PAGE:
W3C home > Mailing lists > Public > public-owl-wg@w3.org > January 2009

Re: LC: Opposing OWL/XML format

From: Jonathan Rees <jar@creativecommons.org>
Date: Wed, 28 Jan 2009 09:34:50 -0500
Message-ID: <760bcb2a0901280634rd4545d9oa5ced7d7858b145e@mail.gmail.com>
To: Bijan Parsia <bparsia@cs.man.ac.uk>
Cc: W3C OWL Working Group <public-owl-wg@w3.org>

On Tue, Jan 27, 2009 at 11:53 AM, Bijan Parsia <bparsia@cs.man.ac.uk> wrote:
> On 27 Jan 2009, at 15:50, Jonathan Rees wrote:
>> On Jan 27, 2009, at 4:55 AM, Bijan Parsia wrote:
>>>> GRDDL... well, if we had a 'standard' mapping from OWL/XML to RDF/XML
>>>> via a GRDDL transformation then this could be a very good argument here
>>>> in favour of OWL/XML. And we may have that, right?:-)
>>> Well, I think we do already :) But if you mean an XSLT, then we can do
>>> the wrapper thing quickly. Rees indicated that that wasn't acceptable!
>>> Verra strange.
> I thought of some specific questions:
> 1) If there exists a public domain/open source XSLT translator, does that
> assuage your worry (even if not produced/endorse/published by the working
> group)?

Yes, if the proposed XSLT has no other complications, such as reference
to a CGI script.

This is not an if; as I said XSLT is ubiquitous. There are many.

Frank may be of a different opinion. I'm looking for compromises that
might make you both happy.

> 2) If there were (counterfactually again) an OWL/XML to triples parser for
> every known RDF or OWL toolkit, would you be happy even if there was no

This is not the situation I'm talking about, so no, this would be irrelevant.

> 3) If there were an XSLT published by the working group, would you be
> satisfied even if it were not (easily) downloadable from the namespace page?

This sounds like a trick question. I think the answer is yes, but I
can't imagine why
under normal conditions it couldn't be downloadable. You get it when the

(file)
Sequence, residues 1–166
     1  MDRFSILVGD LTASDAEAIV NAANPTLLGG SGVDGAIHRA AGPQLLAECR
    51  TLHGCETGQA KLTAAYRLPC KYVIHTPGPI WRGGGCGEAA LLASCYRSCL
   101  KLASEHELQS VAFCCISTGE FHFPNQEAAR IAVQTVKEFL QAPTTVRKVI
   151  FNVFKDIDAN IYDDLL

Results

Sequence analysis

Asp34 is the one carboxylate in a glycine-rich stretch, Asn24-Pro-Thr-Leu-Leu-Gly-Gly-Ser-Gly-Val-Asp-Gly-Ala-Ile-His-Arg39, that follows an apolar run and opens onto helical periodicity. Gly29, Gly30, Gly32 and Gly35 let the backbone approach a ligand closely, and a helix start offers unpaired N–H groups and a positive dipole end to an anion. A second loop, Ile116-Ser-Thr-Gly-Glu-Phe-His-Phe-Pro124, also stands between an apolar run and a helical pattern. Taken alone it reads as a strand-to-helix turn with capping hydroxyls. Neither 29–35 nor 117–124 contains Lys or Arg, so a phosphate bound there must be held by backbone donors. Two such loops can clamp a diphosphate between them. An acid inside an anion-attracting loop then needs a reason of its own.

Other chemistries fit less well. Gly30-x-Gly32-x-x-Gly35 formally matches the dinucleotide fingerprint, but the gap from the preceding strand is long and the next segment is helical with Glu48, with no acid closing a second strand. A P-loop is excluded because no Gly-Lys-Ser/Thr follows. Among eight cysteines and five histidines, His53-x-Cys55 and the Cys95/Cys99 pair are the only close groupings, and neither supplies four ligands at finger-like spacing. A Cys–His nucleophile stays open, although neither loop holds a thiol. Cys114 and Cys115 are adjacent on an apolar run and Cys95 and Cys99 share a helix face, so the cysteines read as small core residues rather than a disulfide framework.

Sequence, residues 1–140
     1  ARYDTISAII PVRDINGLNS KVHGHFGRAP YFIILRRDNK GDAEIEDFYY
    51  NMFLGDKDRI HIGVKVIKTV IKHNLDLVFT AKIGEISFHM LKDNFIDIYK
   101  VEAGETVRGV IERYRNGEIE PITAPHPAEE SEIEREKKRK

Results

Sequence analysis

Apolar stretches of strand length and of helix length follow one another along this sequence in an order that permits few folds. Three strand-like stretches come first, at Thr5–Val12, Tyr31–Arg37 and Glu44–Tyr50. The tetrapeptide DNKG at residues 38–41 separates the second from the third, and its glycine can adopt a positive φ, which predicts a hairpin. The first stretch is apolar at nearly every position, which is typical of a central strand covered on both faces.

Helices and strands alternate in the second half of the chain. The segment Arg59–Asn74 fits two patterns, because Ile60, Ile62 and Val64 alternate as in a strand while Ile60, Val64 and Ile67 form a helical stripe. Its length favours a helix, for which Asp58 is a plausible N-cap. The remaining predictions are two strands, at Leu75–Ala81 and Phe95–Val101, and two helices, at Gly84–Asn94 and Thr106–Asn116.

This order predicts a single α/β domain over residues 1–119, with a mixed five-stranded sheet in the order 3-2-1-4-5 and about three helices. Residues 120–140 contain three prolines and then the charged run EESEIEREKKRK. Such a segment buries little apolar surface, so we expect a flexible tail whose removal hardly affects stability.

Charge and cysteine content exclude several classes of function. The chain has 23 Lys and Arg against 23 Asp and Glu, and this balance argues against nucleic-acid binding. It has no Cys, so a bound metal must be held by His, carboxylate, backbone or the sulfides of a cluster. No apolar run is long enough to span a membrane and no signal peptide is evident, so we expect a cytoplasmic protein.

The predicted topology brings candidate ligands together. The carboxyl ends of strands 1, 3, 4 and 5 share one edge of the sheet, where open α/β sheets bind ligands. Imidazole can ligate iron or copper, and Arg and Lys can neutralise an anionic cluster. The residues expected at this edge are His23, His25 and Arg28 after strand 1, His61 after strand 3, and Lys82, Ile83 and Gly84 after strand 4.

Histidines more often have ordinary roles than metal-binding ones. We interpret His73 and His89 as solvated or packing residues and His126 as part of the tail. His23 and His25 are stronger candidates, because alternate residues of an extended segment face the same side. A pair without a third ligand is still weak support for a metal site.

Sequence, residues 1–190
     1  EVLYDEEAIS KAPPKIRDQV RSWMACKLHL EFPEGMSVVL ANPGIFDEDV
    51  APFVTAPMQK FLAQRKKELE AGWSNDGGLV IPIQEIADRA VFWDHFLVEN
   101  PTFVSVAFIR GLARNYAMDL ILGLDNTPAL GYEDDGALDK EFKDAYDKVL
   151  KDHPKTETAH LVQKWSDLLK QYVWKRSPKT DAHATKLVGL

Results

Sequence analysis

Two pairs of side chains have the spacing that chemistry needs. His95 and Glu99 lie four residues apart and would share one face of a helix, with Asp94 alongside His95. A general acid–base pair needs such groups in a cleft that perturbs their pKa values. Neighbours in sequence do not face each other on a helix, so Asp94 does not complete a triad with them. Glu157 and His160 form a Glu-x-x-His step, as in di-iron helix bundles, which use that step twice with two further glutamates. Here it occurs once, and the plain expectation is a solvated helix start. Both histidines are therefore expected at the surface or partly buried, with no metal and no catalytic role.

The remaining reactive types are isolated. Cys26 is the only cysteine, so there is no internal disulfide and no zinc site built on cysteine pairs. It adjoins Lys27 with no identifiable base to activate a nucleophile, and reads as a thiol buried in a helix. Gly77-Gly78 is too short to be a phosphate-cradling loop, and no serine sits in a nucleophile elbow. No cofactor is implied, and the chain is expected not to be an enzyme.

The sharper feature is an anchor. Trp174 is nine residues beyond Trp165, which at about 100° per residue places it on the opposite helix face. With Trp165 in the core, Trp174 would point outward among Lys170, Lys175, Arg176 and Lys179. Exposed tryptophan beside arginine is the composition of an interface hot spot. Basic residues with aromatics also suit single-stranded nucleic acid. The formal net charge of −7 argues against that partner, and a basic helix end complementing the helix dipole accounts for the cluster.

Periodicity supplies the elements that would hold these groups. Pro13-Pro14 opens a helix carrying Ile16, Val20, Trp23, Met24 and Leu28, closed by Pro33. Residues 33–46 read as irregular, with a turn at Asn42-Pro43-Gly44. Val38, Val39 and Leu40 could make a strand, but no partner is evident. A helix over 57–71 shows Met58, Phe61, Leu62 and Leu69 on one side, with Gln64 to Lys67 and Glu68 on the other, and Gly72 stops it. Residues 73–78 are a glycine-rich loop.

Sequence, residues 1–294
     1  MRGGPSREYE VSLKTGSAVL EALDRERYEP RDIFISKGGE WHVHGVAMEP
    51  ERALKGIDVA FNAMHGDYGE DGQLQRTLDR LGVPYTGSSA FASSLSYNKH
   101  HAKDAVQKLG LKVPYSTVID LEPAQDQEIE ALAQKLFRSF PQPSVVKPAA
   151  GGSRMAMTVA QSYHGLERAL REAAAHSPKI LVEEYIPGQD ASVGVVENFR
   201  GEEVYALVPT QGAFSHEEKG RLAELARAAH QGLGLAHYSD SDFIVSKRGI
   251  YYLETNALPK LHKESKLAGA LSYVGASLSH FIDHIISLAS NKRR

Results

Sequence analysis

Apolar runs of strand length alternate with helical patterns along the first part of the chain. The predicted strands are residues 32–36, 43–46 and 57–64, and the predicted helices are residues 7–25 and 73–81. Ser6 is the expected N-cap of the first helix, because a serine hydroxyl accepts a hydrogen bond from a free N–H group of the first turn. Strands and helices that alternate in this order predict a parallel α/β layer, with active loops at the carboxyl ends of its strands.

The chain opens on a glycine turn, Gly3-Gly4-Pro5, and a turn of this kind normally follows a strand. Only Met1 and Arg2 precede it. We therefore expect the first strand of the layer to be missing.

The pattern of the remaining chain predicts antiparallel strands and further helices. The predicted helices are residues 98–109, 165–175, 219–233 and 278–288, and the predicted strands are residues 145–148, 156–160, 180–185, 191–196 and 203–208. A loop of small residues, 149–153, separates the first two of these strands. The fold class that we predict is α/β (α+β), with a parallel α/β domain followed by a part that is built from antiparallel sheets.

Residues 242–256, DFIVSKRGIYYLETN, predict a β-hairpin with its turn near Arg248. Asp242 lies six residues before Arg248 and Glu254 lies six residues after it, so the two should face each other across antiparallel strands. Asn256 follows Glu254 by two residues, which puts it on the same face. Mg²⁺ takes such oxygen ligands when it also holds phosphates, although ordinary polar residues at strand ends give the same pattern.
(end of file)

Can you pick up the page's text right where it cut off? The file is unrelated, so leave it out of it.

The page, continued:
server can give it to you (just as you get the OWL 2 recommendations), and use
a cached or mirrored version if for whatever reason you need to.

> 4) Do you prefer a frozen, perhaps buggy published XSLT or a "fragile" XSLT
> which connects to (several) web services and are maintained? (Note that
> several HTML editors connect to the W3Cs HTML validator to provide
> validation.) (I'm not saying that these are the only options. Just asking
> which of these two you prefer.)

Also sounds like a trick question, but given this foul choice, I'd say
the buggy one.
(This is why I suggested it be nonnormative.)
Bugs can be fixed in a decentralized way, and for something
this straightforward it should be clear how to do so; but servers
can't be conjured from nothing, and *their* behavior  is completely

I could ask you the same question about your nominally normative
XML schema. What if you find a bug in it, where it is inconsistent with
something said elsewhere in the OWL 2 recommendation? Would this
possibility mean you'd want to suppress the schema from the rec,
and instead refer readers to a schema-providing server or service?
I would have said: Here is the requirement on the schema, the requirement
is normative, and to the best of our knowledge the following schema
meets it, but like everyone else we're fallible, so we have to say this
schema is only informative.

> Cheers,
> Bijan.

I'm sorry but I won't be able to continue this conversation from here,
as parrying with you is always very time consuming. I look forward to
hearing the
WG's response to Frank's public comment and may be able to take the subject
up again at that time.

Received on Wednesday, 28 January 2009 14:35:36 UTC

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